ROBESON COUNTY, NC (WBTW) – Robeson County is helping participants of their new DWI treatment court get sober and be more productive citizens.
District Attorney Matt Scott tells News13 the sobriety court changes the participant’s perception of law enforcement, and it breaks down the stigma of mental health.
Robeson County had 1,400 DWIs as of January 2019.
“We need to hold people accountable for drinking and driving, but we also needed to find ways to address the underlying problem,” said District Attorney Scott.
Robeson County was consistently at the top for the number of DWIs and people dying on the roadways, including young drivers.
“We needed to look at different ways, new ways and address it, because obviously the ways we were addressing it before, we didn’t see any reduction in those numbers,” said Scott.
The county started a DWI treatment court in January 2020, after getting an almost $200,000 grant from the North Carolina Governor’s Highway Safety Program.
The program mirrors one in Brunswick County.
“You have all of these DWIs, and you obviously don’t have any license, so you’re still on the road driving drunk. So, unless we address that underlying problem, that being the alcoholism, the substance abuse, these individuals can continue to drive and drink,” Scott pointed out.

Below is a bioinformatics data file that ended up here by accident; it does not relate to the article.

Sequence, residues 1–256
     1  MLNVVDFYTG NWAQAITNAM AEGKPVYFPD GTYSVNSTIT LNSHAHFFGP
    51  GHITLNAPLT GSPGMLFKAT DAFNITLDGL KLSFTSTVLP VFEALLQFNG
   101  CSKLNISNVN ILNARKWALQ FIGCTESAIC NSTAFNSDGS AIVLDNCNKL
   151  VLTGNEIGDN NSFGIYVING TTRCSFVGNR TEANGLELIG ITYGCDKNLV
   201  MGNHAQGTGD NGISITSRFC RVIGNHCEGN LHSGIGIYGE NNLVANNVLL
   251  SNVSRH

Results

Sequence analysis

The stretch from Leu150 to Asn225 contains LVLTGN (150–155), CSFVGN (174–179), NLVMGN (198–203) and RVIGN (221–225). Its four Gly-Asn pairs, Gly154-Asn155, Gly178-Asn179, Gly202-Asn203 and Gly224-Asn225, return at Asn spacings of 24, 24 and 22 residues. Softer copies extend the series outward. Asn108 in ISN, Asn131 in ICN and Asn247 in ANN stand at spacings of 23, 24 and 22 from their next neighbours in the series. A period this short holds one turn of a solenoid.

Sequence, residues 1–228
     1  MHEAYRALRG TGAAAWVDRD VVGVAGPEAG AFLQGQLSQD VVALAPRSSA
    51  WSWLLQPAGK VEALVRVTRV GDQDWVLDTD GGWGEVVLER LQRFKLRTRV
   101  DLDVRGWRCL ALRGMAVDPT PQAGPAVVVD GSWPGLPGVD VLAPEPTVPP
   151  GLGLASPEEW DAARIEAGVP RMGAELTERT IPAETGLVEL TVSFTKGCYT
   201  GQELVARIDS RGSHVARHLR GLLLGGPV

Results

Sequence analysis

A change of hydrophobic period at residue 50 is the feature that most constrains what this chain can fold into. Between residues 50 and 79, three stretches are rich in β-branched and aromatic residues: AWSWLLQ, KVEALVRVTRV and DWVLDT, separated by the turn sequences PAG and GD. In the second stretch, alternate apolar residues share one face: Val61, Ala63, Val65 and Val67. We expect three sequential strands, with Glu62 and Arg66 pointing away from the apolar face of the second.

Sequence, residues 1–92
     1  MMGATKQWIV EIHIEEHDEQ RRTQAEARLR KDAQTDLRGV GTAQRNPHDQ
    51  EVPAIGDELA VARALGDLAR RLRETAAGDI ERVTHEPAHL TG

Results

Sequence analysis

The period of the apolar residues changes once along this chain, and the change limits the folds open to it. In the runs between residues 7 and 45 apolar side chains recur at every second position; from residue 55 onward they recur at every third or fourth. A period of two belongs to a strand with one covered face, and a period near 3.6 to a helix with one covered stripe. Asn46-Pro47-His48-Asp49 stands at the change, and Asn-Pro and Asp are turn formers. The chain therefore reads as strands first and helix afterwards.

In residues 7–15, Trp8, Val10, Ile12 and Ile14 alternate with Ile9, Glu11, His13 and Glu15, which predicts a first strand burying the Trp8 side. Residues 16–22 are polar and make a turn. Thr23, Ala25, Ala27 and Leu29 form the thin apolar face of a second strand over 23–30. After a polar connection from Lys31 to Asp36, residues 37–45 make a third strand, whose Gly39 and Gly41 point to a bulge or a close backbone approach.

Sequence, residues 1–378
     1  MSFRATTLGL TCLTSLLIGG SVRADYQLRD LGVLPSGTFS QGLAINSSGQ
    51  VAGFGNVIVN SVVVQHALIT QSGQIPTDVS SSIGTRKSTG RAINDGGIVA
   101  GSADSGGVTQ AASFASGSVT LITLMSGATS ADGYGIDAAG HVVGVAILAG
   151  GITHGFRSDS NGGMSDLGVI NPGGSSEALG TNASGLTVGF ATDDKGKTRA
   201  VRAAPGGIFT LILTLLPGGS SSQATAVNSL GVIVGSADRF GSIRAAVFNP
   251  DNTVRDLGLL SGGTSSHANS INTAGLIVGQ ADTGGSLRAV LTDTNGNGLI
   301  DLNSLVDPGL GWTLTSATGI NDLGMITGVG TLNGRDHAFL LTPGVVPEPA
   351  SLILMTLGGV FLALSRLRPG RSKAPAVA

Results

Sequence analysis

Participants have to want to get treated, have to get a job or train for one and are subject to random drug tests over 12 to 18 months.
“When you see an individual stand up in front of a court in tears talking about how they need help, and this is the first opportunity they’ve had to get help, if that doesn’t move you, then something is wrong,” said Scott.
If program participants don’t abide by the court order or stay in treatment, Superior Court Judge Greg Bell can impose their active sentence.
“If we can get these people their sobriety, sober, and working and paying taxes, we can have a better community,” said Scott.
District Attorney Scott says they’re working now to get funding for an adult drug treatment court.
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